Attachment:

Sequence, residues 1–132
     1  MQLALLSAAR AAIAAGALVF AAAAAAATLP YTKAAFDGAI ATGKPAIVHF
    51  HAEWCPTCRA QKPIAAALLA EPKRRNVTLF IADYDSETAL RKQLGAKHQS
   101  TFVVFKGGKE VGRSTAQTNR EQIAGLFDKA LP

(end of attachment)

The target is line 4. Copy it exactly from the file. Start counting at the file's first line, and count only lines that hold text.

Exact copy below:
   101  TFVVFKGGKE VGRSTAQTNR EQIAGLFDKA LP